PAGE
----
Programming note: For comprehensive Giants-Cardinals NLCS coverage, watch “October Quest” Wednesday at 4 p.m. and immediately following the game on Comcast SportsNet Bay Area.
SAN FRANCISCO – In the end, Tim Hudson could smile.
His first career start in a League Championship Series didn’t follow the script he would have preferred. But the scoreboard dictates the mood for the Giants right-hander, who’s in the twilight of his career and experiencing his first deep playoff run.
Hudson was handed an early four-run lead Tuesday and couldn’t make it stand. But he watched his teammates pull out a see-it-to-believe-it 5-4 victory over the St. Louis Cardinals in Game 3 of the NLCS. With that, the Giants took the upper hand in this best-of-seven series.
“You know, any time you take a 4-0 lead early in the game like that, I feel like we should win those games 10 out of 10 times,” Hudson said. “To have it tied up right there was tough. But the guys really battled and picked me up, just like they have all year.”
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The 16-year veteran said the adrenaline was pumping as he took the mound, having never advanced past the Division Series round in six previous tries. By the time he took the mound for the top of the second, his teammates had given him a 4-0 lead.
He gave up a two-out, two-run triple in the fourth to Kolten Wong, a player who’s terrorized the Giants over the past two games.
In the sixth, Jhonny Peralta drove in another two-out run with a hard bouncer that skipped over the glove of third baseman Pablo Sandoval. No major fault of Hudson’s there.
But he was kicking himself in the seventh, when manager Bruce Bochy sent him out to protect a one-run lead even though he had lefty Jeremy Affeldt ready in the bullpen.
“I felt he was still throwing the ball well,” Bochy said. “Where they were at (in the batting order), I had Jeremy ready, but (Hudson) was going to start that inning.”
Hudson retired A.J. Pierzynski on a fly out and up stepped No. 8 hitter Randal Grichuk. The rookie jumped on the first pitch and lined a game-tying homer off the left-field foul pole, the 12th homer in seven playoff games for the Cardinals, who went deep fewer times than any N.L. team during the regular season.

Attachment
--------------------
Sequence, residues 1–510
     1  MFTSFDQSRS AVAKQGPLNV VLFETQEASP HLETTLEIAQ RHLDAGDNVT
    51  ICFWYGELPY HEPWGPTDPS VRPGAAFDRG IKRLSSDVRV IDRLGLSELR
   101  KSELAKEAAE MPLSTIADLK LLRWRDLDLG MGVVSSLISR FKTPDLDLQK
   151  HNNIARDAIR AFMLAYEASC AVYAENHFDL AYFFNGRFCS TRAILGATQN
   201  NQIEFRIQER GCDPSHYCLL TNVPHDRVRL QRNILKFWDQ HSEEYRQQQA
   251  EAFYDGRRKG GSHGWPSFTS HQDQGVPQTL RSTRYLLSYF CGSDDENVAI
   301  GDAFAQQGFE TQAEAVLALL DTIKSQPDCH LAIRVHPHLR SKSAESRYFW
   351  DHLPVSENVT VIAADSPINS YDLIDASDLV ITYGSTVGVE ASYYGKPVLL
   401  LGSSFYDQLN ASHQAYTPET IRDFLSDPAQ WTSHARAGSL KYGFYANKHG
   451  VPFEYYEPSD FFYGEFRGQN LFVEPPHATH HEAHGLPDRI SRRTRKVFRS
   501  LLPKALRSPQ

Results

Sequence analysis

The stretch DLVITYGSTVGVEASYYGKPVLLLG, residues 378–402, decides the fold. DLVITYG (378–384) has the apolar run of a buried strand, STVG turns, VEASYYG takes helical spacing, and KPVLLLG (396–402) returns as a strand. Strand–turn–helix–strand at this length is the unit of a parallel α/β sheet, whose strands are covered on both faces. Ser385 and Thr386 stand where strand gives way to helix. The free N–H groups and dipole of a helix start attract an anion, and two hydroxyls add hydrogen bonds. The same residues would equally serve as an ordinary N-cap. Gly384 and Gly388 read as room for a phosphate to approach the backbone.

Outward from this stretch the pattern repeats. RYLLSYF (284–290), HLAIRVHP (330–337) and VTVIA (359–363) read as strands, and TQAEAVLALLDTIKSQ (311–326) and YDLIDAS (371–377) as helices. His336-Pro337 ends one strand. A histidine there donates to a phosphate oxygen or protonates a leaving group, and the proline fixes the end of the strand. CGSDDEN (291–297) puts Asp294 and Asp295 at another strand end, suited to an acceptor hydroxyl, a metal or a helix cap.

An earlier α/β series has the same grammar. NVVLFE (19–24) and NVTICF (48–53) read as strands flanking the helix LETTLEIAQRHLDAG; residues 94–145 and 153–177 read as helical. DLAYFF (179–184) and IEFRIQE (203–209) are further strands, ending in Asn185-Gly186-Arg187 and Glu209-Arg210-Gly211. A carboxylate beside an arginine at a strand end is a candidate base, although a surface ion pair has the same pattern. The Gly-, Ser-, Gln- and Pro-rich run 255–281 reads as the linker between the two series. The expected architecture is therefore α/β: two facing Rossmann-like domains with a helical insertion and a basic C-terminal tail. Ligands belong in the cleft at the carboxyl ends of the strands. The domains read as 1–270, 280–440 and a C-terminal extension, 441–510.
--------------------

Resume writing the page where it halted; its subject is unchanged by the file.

Bochy came with the hook and Hudson’s day was done after 6 1/3 innings. He gave up four runs on seven hits, striking out five with no walks. But he wished he had back his 89th and final pitch.
“One thing that can kill you in that situation is giving up a homer to the No. 8 hitter, and you know they are going to pinch-hit for the pitcher right after him,” Hudson said. “It was probably the worst cutter I’d thrown all day. It just backed up on me and went right into his swing.”
Hudson retired Grichuk on a grounder to short and a strikeout over his first two plate appearances. But it’s worth noting that opponents slugged .495 off Hudson in their third trip through the lineup during the regular season.
Nonetheless, Hudson’s teammates rallied for a victory in the 10th when Gregor Blanco laid down a sacrifice bunt with two runners on and Cardinals reliever Randy Choate threw the ball wildly to first, allowing Brandon Crawford to score the winning run.
Hudson, 39, entered this postseason with a 3.19 ERA over 11 previous playoff appearances, 10 of them starts. His teams were just 2-8 in those starts – Hudson pitched well in some of them even if his teammates couldn’t rally around him.
He’s made two starts this postseason. In Game 2 of the NLDS against Washington, Brandon Belt homered in the top of the 18th to win it. Then came Tuesday’s thriller.
Hudson had retreated to the clubhouse to ice his arm like he normally does upon leaving a game. But he put his uniform back on and was in the dugout in time to see the winning rally. Crawford drew a walk, Juan Perez singled (after twice failing to get a bunt down) and Choate misplayed Blanco’s bunt in a Giants victory.
Hudson could only grin afterward.
“It unfolded just how we planned.”